Isaiah also tells us a child will be born And his name will be called... Mighty God (Isaiah 9:6).

Isaiah also prophesies:

He is despised and rejected by men, a man of sorrows and acquainted with grief. And we hid as it were our faces from him; he was despised, and we did not esteem him.

Surely he has borne our griefs and carried our sorrows; yet we esteemed him stricken, smitten of God and afflicted.

But he was wounded for our transgressions, bruised for our iniquities; the chastisement of our peace was upon him and with his stripes we are healed.

All we like sheep have gone astray, we have turned ereryone to his own way; And the LORD has laid on him the iniquity of us all.

He was oppressed and he was afflicted, yet he opened not his mouth; he was led as a lamb to the slaughter, and as a sheep before its shearers is silent so he opened not his mouth.

He was taken from prison and from judgement, and who will declare his generation (offspring)? For he was cut off from the land of the living; for the transgression of my people was he stricken.

And they made his grave with the wicked - but with the rich in his death, because he had done no violence, nor was any deceit in his mouth.

Yet it pleased the LORD to bruise him; he has put him to grief. When you make his soul an offering for sin, he shall see his seed, he shall prolong his days [ie he shall be resurrected after his suffering], and the pleasure of the LORD shall prosper in his hand. He shall see the travail of his soul [ie he shall see the souls saved as a consequence of his death, because he will be resurrected] and be satisfied.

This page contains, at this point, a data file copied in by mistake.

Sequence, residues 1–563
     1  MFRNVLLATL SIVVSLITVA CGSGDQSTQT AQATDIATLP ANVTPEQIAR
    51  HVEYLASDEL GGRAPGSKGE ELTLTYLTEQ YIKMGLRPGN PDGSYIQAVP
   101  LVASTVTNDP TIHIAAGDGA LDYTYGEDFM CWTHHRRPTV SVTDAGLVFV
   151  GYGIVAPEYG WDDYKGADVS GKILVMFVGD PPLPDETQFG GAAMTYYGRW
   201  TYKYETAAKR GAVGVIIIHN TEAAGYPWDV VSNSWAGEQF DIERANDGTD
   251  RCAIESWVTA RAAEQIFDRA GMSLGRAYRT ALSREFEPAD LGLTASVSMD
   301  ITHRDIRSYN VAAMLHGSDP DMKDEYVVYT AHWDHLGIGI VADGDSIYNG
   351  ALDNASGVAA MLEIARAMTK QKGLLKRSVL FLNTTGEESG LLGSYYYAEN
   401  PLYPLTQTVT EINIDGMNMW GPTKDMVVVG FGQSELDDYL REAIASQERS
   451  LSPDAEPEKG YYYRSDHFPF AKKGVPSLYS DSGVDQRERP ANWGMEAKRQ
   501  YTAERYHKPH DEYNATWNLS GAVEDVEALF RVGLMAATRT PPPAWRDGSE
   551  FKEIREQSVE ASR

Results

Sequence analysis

By his knowledge my righteous servant shall justify many, for he shall bear their iniquities.

Therefore will I divide him a portion with the great, and he shall divide the spoil with the strong, because he poured out his soul unto death, and he was numbered with the transgressors, and he bore the sin of many, and made intercession for the transgressors. (Isaiah 53:3-12)

Isaiah also tells us what God said to his Messiah:

It is too small a thing that you should be my servant to raise up the tribes of Jacob, and to restore the preserved ones of Israel; I will also give you to be a light to the Gentiles; that you should be my salvation to the ends of the earth (Isaiah 49:6).

And David prophesies, speaking of the Messiah's death:

They have pierced my hands and my feet (Psalm 22:16).

This reading is the reading of Psalm 22:16 in the Dead Sea Scrolls. The Hebrew of the Masoretic Text translates as "Like a lion are my hands and my feet", which makes very little sense. Either the text was changed to "they have pierced" before the time of Christ or the Masoretic Jews changed it to "like a lion" sometime between 100 BCE and 1000 CE. The Christian view makes most sense, the Jews changed it because they didn't like "they have pierced my hands and my feet" because it points to Jesus of Nazareth as the Messiah.